February Newsletter: Education Program

The Gottesman Libraries


The Gottesman Libraries Education Program informs students, faculty and staff about the latest thinking in education, in ways that engage members of the community with one another and with a broad range of educational experts. The program also provides understanding of work being done throughout the college.


Read more about offerings in February!




Workshops


Regularly scheduled instructional offerings include workshops, tours, orientations, and course-specific instruction in coordination with staff and faculty of the College.


Doctoral Student Orientation, Monday, 2/8, 4:30-5pm

Welcome Spring doctoral students and please join us for a brief, though informative library session designed just for you! In coordination with the Office of Graduate Student Life and Development, we will provide Teachers College doctoral students with a broad overview of research support; explanation of Boolean logic; tips on smart searching; value of citation management tools; and further points of reference. Students may register in advance through GSLD.


The Lit Review, Thursday, 2/11, 2-3pm

A review of literature is an essential step in the process of writing a thesis or dissertation, or any paper for publication. It asks that you read and critique articles, books, and other sources that have already been written on your topic or related topics. In the process, you are required to find sources and evaluate the best way to focus your research so that you can contribute to a body of scholarly literature. We will focus on locating the sources you need to conduct your review of the literature, and offer a few pointers to the next steps.

Please rsvp by Tuesday, February 9th with your interest and details, and we'll follow up with a link to the session.


Introduction to Zotero, Tuesday, 2/16, 4-5pm

Long gone are the days of index cards and typed reference lists! Zotero is a free, open-source bibliographic management program that allows you to collect, organize, cite, and share your research. In this workshop we will introduce you to this important tool, help you get started, and offer tips for effectively using Zotero in your studies and research so you can master the art of managing scholarly references.

You may rsvp by Monday, February 15th, and we'll follow up with a link to the session.


Deep Dive Into Dissertation Research, Wednesday, 2/24, 3-4pm

This workshop offers tools and strategies for searching and finding dissertations, works representing original research that is the culmination of a student's doctoral studies in a particular field or topic. You'll learn a few tips in using Proquest Dissertations and Theses Global, from searching by advisor and committee, even to not searching by full text. You will also learn about Pocketknowledge, the digital archive of Teachers College, which contains historical dissertations (Ed'D's 1930-1996), done at Teachers College, as well as select masters theses dating from the early 1900s to the present.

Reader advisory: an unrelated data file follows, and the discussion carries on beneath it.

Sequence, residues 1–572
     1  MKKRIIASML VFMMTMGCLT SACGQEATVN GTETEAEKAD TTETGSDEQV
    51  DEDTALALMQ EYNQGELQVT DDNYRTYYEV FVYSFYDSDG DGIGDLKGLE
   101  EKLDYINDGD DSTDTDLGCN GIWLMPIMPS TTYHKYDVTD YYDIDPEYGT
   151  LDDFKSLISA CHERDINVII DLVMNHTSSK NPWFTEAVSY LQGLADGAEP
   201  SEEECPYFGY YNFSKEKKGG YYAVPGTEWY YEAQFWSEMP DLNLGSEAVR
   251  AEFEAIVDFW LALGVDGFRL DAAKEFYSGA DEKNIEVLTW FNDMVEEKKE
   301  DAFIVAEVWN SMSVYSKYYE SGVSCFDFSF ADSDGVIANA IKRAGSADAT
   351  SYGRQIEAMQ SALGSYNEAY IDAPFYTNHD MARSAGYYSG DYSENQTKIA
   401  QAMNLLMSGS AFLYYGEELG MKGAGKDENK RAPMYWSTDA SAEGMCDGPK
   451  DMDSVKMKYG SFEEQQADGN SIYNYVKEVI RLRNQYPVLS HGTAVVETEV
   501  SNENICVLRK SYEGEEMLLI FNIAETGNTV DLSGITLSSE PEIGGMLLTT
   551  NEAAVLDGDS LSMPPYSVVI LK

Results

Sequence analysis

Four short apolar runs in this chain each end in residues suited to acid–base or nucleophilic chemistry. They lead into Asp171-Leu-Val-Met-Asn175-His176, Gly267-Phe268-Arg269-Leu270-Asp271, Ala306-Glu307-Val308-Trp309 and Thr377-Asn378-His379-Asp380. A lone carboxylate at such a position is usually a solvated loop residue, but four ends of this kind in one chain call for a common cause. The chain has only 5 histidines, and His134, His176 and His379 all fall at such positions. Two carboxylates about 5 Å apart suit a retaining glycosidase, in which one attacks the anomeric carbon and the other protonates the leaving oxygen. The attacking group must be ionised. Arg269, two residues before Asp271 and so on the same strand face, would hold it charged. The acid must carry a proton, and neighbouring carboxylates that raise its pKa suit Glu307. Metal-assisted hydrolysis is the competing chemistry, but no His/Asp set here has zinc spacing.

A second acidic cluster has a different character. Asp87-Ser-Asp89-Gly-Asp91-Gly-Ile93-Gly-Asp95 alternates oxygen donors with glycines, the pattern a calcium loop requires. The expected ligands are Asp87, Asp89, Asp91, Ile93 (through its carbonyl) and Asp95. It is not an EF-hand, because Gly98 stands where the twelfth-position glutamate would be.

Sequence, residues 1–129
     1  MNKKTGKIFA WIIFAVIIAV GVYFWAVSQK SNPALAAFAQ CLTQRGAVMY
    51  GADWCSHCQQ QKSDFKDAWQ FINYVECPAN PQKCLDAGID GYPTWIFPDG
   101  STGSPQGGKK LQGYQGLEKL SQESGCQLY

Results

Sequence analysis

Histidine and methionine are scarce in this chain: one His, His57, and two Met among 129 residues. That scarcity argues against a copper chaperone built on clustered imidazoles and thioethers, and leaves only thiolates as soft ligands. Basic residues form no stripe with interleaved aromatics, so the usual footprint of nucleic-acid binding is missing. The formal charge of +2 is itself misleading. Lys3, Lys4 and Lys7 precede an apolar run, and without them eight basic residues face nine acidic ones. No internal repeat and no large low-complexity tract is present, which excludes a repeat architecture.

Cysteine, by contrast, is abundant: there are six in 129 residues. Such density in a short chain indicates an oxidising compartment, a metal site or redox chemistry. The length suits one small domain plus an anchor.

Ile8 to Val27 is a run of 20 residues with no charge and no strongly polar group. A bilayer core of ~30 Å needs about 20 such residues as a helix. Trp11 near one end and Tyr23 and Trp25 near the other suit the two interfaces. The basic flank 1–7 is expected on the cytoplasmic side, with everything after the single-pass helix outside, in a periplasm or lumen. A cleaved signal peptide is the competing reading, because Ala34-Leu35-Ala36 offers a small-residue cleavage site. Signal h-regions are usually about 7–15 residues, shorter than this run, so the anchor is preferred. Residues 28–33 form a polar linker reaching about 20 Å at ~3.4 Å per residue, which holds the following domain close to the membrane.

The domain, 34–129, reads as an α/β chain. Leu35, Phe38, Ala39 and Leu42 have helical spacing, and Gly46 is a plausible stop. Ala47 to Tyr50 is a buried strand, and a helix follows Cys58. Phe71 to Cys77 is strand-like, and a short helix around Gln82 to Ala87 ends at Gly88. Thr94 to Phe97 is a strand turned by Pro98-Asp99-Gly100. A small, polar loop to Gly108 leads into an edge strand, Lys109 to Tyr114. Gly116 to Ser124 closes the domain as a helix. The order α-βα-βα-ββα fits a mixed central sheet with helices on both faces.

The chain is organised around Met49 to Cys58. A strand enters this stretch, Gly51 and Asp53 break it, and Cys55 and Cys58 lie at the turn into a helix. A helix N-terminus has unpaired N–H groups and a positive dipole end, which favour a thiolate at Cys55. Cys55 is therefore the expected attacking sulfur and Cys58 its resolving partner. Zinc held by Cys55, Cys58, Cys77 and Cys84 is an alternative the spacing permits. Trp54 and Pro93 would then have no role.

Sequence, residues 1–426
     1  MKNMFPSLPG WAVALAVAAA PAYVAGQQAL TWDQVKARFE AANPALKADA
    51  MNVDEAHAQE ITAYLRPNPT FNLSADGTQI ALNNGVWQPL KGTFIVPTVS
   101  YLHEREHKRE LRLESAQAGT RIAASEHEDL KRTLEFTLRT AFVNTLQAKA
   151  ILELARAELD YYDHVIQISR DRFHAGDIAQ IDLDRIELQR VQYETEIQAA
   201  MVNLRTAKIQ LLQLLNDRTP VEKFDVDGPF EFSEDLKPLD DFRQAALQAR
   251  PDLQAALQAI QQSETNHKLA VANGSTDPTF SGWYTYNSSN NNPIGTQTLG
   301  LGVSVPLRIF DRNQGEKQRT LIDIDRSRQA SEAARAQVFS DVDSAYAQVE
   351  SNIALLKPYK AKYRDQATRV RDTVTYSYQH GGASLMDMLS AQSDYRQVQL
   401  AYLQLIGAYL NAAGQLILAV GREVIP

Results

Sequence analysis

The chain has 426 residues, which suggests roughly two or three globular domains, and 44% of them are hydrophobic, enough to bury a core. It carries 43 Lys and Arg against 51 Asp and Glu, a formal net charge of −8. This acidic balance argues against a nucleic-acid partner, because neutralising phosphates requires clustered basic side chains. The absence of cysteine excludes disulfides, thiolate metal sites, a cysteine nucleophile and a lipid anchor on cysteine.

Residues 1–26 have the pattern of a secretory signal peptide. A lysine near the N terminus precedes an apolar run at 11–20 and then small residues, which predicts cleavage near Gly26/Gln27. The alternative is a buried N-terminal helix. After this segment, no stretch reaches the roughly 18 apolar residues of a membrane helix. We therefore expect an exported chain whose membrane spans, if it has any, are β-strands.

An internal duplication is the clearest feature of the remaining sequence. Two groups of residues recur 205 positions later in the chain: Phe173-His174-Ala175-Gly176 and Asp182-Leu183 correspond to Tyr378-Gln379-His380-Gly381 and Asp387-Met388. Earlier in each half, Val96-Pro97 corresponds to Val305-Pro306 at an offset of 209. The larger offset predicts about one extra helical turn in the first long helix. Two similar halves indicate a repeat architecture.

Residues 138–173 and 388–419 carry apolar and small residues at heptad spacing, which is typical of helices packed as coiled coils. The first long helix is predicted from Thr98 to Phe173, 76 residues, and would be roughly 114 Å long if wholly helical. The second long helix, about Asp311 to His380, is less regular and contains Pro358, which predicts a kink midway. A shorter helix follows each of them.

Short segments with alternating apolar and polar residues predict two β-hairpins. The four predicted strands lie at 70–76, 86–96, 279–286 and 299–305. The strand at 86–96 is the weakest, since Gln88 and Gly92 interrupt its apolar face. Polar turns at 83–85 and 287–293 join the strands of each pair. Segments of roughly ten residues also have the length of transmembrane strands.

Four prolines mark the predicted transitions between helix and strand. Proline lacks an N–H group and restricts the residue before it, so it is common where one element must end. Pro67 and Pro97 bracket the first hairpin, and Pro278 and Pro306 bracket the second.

Please rsvp by Monday, February 22nd, and we'll send a link to the workshop.


Talks


Opening Gallery Talk: Warping the Future,: How Craft Led To the Digital World As We Know It, with Francesca Rodriguez Sawaya and Renata de Carvalho Gaui, Thursday, 2/11, 6:30-7:15pm


Please join us for the opening of the virtual exhibit, Warping the Future: How Craft Led To the Digital World As We Know It, with Francesca Rodriguez Sewaya and Renata de Carvalho Gaui. Artists commissioned by the Gottesman Libraries with generous support from the Eugene E. Myers Trust, Francesca and Renata will welcome attendees, introduce their work, and guide visitors through a virtual tour that explores the relationship between the history of crafting and the history of computing, with a special focus on the development of technology and the role of women.


Francesca Rodriguez Sawaya is a Peruvian creative producer and educator based in Brooklyn, New York. Francesca is a Lead Teacher in NYC First where she develops curriculum, manage a Maker Space and teach STEAM related subjects to low income communities. Her workshops include Creativity Lab at Brooklyn Museum and Tangible Data in Ahmedabad, India. Francesca earned an MPS in Interactive Telecommunications from Tisch School of the Arts, New York University, a BA in Communication from the University of Lima, and a Diploma in Audiovisual Education from the University of Salamanca.


Renata de Carvalho Gaui is a Brazilian designer, artist, and creative technologist based in Brooklyn, New York. A "jill of all trades within art, design, and technology," Renata has engaged in numerous projects with positive educational impact, including Beyond Punch Cards, Weaving to Code, Coding to Weave; and The Art of Living, the 2018 Myers Fund Art Commission. She holds an MPS in Interactive Telecommunications from Tisch School of the Arts, New York University, and a BFA in Design and Digital Media from Pontifical Catholic University of Rio de Janeiro.


Please use this link to join the talk.


Guest Talk: Artivism: The Power of Art for Social Transformation and Reclaiming the Hall: Amplifying Community Voices at the Hall of Fame, with Stephanie Lake and Cynthia Tobar, Monday, 2/15, 4-5pm